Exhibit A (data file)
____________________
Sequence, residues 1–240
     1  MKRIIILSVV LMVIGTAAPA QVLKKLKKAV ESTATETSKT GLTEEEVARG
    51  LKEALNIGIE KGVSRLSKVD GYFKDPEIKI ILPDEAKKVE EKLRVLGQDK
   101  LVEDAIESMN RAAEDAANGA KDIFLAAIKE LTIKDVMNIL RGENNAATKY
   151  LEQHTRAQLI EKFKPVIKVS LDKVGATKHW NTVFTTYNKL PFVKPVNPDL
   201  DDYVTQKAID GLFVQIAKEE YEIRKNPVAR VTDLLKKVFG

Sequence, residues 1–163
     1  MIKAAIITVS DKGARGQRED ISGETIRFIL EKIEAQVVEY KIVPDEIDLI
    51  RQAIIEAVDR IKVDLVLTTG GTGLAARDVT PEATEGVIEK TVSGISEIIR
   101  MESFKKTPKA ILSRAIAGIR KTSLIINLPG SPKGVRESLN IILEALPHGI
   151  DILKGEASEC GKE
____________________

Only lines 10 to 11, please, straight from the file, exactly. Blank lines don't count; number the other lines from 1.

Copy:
   101  MESFKKTPKA ILSRAIAGIR KTSLIINLPG SPKGVRESLN IILEALPHGI
   151  DILKGEASEC GKE